The Americans accepted their situation and quickly realized their best hope was to play out the match, keep the Brazilians from scoring in extra time, and make it into the penalty kicks round. All of this while being a player down.
Somehow, the 90-minute regulation period ended in a 1-1 tie.
However, minutes into the first extra-time period, the superb Marta deftly flicked the ball into the goal past Solo’s outstretched fingers.
Brazil 2, USA 1.
Now came a critical decision-making period. How to play the rest of the game. There were still thirteen minutes left in the first overtime half and fifteen minutes in the second half. The Americans needed to score a goal to tie and have any hope of winning the match on penalty kicks. The Brazilians needed to keep their advantage.
The Americans chose to stay calm and stick to their game plan of constant pressure and shots on goal from set plays.
The Brazilians chose to ride out the rest of the game and hope it worked out well for them. The decision turned out to be in error.
While the Americans pressed the obviously tired Brazilians relentlessly, the Brazilians took to stalling to try to run out the clock. Players went down with phantom injuries and sauntered toward the line for throw-ins. At one point, Erika fell to the ground with an injury, taking up a full three minutes while being tended to. Miraculously, after being taken off the field in a stretcher, she hopped up a few seconds later and re-entered the game.
That maneuver would prove to be the Brazilians’ undoing.
Although the game technically should have ended at the 120-minute mark, “stoppage time” was added on, including the three minutes that Erika was on the ground with her “injury.”
The Americans never gave up. Although she had trouble with crossing passes throughout the game, Megan Rapinoe continued to ply her trade and, finally, in the 122nd minute – seconds before the end of stoppage time – she crossed a ball in front of Brazil’s goal toward Abby Wambach.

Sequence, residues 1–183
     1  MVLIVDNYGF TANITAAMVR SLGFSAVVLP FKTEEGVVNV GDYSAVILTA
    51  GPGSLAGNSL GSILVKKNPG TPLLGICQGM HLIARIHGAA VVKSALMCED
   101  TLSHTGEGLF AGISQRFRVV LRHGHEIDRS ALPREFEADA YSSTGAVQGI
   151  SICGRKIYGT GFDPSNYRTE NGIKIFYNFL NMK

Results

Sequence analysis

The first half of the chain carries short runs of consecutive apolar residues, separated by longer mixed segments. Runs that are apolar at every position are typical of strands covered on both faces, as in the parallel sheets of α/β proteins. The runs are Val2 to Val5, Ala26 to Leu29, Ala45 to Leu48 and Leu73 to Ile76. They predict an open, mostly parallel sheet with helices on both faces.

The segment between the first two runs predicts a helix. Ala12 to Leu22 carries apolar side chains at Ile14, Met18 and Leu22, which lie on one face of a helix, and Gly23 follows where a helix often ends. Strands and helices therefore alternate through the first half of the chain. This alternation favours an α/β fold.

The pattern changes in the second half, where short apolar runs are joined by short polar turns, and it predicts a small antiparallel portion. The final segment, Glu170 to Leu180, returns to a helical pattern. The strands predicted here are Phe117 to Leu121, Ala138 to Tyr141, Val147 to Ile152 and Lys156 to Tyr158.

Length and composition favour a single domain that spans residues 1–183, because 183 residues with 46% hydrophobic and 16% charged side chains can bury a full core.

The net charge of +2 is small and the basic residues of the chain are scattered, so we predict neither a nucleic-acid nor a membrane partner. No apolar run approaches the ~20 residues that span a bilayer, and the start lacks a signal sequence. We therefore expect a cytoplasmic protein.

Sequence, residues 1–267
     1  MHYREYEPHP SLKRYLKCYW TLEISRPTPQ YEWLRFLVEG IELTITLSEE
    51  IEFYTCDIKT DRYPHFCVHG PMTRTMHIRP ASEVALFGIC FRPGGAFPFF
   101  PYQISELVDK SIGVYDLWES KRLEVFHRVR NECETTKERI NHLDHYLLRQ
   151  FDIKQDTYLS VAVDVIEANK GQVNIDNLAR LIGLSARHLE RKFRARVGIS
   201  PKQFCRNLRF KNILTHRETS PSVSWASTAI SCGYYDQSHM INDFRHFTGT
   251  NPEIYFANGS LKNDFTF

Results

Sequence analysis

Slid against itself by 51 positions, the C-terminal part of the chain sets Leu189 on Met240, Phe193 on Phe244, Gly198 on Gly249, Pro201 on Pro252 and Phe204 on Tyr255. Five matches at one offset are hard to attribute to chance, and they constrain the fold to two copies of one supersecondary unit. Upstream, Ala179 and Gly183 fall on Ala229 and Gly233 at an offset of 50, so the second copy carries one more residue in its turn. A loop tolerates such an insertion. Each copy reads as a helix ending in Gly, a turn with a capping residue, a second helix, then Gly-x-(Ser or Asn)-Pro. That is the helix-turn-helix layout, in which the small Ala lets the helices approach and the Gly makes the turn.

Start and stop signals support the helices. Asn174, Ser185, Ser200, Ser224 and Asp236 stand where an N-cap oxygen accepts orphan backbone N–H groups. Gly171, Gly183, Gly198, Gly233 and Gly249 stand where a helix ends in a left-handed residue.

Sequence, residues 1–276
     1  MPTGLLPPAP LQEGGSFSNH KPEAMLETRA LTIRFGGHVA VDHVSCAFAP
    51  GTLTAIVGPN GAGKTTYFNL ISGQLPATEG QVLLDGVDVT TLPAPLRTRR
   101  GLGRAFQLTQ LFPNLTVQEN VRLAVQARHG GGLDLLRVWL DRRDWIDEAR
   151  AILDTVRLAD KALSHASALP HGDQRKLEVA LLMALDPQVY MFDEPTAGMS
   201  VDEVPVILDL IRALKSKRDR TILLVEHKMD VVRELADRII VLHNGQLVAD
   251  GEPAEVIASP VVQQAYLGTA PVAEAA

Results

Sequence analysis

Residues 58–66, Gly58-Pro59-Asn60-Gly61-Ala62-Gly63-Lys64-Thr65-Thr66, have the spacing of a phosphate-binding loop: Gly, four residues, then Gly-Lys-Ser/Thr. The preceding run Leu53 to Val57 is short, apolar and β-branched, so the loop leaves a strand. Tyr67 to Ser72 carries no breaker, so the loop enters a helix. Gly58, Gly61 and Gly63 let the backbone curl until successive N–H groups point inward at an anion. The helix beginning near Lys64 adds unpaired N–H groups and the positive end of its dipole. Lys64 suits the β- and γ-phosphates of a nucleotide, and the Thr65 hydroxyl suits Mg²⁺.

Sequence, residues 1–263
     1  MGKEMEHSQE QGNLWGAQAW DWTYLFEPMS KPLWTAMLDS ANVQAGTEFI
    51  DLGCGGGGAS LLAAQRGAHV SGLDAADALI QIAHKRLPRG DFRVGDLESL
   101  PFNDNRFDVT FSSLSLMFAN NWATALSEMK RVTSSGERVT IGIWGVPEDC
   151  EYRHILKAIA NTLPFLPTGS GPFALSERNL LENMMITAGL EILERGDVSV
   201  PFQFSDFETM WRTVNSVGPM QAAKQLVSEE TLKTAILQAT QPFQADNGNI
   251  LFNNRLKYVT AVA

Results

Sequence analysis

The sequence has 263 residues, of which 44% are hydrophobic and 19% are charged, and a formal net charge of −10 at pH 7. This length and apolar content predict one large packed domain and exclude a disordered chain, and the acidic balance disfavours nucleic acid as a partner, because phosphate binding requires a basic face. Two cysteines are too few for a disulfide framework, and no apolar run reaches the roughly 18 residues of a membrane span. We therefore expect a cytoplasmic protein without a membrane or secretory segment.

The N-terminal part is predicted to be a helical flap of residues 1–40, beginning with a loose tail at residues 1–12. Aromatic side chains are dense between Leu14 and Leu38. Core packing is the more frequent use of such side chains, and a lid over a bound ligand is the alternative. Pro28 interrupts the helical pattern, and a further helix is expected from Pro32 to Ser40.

Still photos show the millisecond when Wambach’s head connected with the winner. The ball passed only inches over a Brazilian defender’s head as well as the keeper’s outstretched fingers. At last, after many failures – success! Wambach flicked the ball into the net and a new miraculous game legend was born.
The penalty kick phase that took place after stoppage time was almost a moot point as the Americans confidently put all five of their shots in goal. The Brazilians were stopped one time by Hope Solo – who had retained her focus in spite of extreme unfairness earlier – enough for the USA to complete their improbable comeback.
USA 5, Brazil 3.
Afterwards, a stunned and joyful Wambach said, “I think this is what this country is all about . . . we never gave up.”
An epic story of resilience for the ages.
Takeaway points: 1.)You have a choice when facing adversity: You can crumble or accept the situation and grow stronger. 2.) Keep trying, even if you’ve failed in the past. 3.) It’s okay to be angry when something is unfair. Just use that anger to become more focused rather than destructive. 4.) Never give up.
What did you think of the game?
Photo credit: Jason Gulledge
Besides being a big sports fan, I’m also a therapist in Los Altos, Ca. Thinking about therapy? Give me a call at 650-529-9059. Or send me an email.